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Thursday, July 24, 2014

Job opening in Massachusetts

Juliette Zener, who taught at Newton Country Day School for 20 years before taking a position at Belmont Hill, wants to help NCDS find a new faculty member.


24 July 2014

Newton Country Day School, an independent Catholic girls school in Newton, MA, has an immediate opening in its History Dept for an experienced educator who can teach both AP Comparative Government AND AP US Government.

Inquiries and CVs should be directed to Andrea LaZure (assistant to the Headmistress) at alazure@newtoncountryday.org

DO NOT inquire further here or submit information to the blog or to Juliette. We're just passing along the announcement.


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When, not if

Neal Ascherson, a Scottish journalist writing in The New York Times, says he'll vote for independence, but even if the coming referendum fails, Scotland is on the road to independence.

Scottish Independence Is Inevitable
ONE thing is certain: Whatever the outcome, this referendum campaign is changing Scotland irrevocably. Whether the Scots vote yes or no to independence on Sept. 18, their sense of what is possible for this small nation will have been transformed…

This referendum… dares the Scots to go the last mile: proposing an independent Scottish state within the European Union, sharing a monarch… and possibly a currency, with the rump of the old United Kingdom.

At this moment, a majority for independence looks unlikely…

But it’s the smell, taste and sound of this campaign that should warn us that, this time, a no vote will not be the end of the story. Scotland is changing as we watch…

Flag of Scotland
Where does this come from? In part, from economic confidence. Twenty years ago, postindustrial Scotland was dismissed as an economy shattered beyond repair. Now, even the British government and the “no” campaign admit that Scotland could survive and prosper and be a stable democracy on its own, given wise management of its North Sea oil wealth. The question is no longer “Can we?” It’s “Should we?”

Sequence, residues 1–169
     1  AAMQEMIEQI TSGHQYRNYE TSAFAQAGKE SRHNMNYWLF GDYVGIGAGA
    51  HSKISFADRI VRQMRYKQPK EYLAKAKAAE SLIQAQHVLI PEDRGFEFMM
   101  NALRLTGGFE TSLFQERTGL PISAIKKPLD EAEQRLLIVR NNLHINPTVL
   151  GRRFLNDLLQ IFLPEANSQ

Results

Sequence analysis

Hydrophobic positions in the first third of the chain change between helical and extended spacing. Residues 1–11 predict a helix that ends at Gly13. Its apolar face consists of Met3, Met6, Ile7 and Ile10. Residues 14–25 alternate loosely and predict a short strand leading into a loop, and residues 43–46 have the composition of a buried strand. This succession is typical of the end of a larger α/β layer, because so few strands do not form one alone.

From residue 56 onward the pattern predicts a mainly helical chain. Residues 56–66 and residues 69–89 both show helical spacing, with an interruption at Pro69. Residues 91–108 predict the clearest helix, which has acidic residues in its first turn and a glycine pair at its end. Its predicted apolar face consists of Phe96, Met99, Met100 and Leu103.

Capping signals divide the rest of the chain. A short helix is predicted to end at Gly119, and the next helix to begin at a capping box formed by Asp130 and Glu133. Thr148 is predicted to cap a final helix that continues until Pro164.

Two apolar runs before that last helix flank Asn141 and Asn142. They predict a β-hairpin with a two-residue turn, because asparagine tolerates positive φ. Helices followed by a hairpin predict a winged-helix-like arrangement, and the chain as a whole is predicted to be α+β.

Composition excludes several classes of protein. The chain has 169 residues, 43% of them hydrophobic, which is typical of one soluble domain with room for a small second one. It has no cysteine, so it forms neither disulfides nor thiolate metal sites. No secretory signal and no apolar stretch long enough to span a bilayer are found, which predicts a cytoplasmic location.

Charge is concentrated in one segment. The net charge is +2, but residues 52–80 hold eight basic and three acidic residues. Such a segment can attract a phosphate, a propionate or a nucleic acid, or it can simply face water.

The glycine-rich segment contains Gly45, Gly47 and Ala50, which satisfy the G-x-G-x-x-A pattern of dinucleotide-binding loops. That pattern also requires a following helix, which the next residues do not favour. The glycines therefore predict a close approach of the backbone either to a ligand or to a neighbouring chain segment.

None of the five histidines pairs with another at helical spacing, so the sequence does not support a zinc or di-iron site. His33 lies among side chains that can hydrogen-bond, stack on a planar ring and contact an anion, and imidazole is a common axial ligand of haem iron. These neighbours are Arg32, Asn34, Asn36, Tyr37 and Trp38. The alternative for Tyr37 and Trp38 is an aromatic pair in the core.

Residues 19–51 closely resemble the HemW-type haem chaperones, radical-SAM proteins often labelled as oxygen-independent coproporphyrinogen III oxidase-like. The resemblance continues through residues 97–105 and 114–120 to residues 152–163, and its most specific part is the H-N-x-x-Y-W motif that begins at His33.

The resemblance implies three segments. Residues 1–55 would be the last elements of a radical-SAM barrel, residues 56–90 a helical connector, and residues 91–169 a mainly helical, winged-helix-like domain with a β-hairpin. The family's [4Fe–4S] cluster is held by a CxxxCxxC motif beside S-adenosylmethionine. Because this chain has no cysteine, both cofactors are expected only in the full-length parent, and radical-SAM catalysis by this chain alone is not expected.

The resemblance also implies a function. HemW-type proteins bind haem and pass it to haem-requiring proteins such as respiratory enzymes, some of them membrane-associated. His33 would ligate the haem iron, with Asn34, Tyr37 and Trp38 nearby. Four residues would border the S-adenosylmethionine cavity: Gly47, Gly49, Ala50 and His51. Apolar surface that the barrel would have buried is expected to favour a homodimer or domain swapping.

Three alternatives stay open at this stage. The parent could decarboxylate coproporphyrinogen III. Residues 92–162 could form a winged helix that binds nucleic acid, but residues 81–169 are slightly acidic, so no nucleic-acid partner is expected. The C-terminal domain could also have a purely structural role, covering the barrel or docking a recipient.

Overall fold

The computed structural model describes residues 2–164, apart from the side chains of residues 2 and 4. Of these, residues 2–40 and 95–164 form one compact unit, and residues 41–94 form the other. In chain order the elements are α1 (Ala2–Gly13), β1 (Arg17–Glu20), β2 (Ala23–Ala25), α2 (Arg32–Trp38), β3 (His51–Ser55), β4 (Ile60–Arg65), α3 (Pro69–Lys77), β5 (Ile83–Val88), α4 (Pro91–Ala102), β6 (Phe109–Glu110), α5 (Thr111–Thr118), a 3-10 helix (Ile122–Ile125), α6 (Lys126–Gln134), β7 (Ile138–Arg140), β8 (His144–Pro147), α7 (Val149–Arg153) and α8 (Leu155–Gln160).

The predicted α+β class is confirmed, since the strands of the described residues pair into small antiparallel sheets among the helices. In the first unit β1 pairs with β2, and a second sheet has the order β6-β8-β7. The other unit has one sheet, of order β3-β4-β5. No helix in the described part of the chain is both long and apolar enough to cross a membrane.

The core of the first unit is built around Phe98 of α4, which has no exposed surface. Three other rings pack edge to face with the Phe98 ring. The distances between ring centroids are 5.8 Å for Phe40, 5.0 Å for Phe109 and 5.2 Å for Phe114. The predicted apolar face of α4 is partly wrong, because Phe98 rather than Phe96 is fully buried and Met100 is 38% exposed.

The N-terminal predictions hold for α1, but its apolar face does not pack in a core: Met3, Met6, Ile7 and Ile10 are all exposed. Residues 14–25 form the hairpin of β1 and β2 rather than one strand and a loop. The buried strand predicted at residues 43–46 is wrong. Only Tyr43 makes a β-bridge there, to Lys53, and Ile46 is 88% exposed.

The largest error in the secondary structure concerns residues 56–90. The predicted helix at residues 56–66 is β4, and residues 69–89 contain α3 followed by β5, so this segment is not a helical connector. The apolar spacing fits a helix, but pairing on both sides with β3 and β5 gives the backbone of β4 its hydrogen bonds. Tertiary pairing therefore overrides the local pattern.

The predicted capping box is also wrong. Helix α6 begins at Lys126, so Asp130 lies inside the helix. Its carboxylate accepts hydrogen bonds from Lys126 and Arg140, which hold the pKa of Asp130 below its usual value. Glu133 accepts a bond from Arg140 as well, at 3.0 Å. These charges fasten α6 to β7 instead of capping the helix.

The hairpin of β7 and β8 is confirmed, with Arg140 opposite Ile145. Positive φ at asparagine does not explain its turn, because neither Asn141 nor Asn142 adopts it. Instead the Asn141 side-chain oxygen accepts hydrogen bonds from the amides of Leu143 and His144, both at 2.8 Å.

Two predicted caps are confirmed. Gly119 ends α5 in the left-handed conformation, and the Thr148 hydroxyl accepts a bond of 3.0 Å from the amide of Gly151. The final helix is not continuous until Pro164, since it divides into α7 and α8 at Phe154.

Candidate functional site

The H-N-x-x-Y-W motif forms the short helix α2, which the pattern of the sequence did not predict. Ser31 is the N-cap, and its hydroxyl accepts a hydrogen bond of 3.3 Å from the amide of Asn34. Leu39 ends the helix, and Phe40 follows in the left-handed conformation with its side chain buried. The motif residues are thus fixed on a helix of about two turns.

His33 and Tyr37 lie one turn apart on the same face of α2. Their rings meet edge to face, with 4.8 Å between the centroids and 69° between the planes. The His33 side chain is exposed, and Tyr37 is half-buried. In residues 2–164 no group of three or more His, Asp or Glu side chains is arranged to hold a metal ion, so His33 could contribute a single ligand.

The motives driving “yes” supporters are straightforward. Devolution… needs to be completed. The situation in which a Scottish government’s revenue comes as a block grant from London is irresponsible. The Edinburgh Parliament should be allowed to set and raise its own taxes.

British elections must no longer trample the will of the Scottish people: The Scots are solidly anti-Tory, returning just one Conservative M.P. to Westminster in the last three general elections, yet they are outweighed by southern English voters and regularly have to endure Conservative governments. Scotland should also be allowed to become a full member of the European Union, not a bolt-on to English interests.
Scottish currency

Add social welfare to those motives. In Britain, it’s not only Conservative-led governments but “New Labour” ones as well that now seem committed to Thatcherite economics, to the steady privatization of health, education and welfare. Most Scots hate this…

If Scottish “yes” reasoning is not hard to grasp, neither is Scottish “no” reasoning. Some of it is material: People are not convinced that their living standards would survive independence, and would like firmer promises about pensions and interest rates. Some of it is fear for the economic safety of Scotland, turned loose among the giant predators stalking a globalized world.

Some of it is emotional: a feeling that Scottish and English societies are so closely integrated now that separation (a word the S.N.P. never uses) would be absurd, even anachronistic…

The English media and many politicians explain the independence movement by claiming that the Scots are obsessed by “anti-English racism.” My own experiences tell me the exact opposite. Scots, these days, have almost forgotten about England, so fascinated are they by their own country. (This is sour news for the English, who can bear being hated but not being overlooked.)…

I shall vote yes this September. The campaign has already taught me that if we don’t make it with this third referendum, there will be a fourth. It’s time to rejoin the world on our own terms.

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Wednesday, July 23, 2014

Imbalances affect stability